Failure to pursue political goals in the Middle East with the same gusto as military objectives could render today’s battlefield successes against ISIS meaningless.
Amid the ongoing debate over U.S. strategy in the Middle East, Tyler Bowen responds to Chris Newton’s criticism of millennial foreign policy.
With much of the world seemingly arrayed against the Islamic State, how is the group still so powerful?
After unsuccessful nation-building enterprises in Iraq and Afghanistan, a change in military strategy may well be in order.
Although full U.S. combat operations officially ended in Afghanistan in 2014, the fight against extremism rages on.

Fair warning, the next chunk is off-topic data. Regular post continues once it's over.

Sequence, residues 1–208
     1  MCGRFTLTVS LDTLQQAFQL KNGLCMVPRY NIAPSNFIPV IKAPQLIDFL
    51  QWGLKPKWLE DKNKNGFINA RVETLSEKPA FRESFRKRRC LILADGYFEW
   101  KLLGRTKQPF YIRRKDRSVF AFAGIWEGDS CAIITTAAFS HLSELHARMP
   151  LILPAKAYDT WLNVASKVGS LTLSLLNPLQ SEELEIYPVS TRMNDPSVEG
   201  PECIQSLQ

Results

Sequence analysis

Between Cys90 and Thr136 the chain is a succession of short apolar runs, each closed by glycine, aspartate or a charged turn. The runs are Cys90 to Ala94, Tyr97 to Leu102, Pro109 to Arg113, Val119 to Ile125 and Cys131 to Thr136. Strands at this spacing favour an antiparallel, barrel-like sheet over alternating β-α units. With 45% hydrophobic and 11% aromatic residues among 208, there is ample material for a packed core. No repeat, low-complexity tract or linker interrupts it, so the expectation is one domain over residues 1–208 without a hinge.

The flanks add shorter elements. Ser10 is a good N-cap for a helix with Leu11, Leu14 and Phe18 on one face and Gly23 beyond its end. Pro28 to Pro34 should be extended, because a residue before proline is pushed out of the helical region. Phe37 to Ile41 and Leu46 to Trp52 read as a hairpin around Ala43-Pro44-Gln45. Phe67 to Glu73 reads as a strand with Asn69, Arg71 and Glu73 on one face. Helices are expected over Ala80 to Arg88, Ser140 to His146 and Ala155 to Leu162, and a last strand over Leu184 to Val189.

Despite contrary claims from the US government, the actions of Kurdish Peshmerga in the conflict against ISIS suggest anything but a partnership of reliability and stability.
In the past year alone, ISIS has reportedly received over $35 million in ransoms, leading many to question the decision of some states to negotiate with terrorists in order to free kidnapped citizens.
President Obama’s recently proposed AUMF against the Islamic State is meant to serve political, not legal, ends.
New cross-border dynamics in the Middle East have led Turkey to support the Kurds in increasingly visible ways.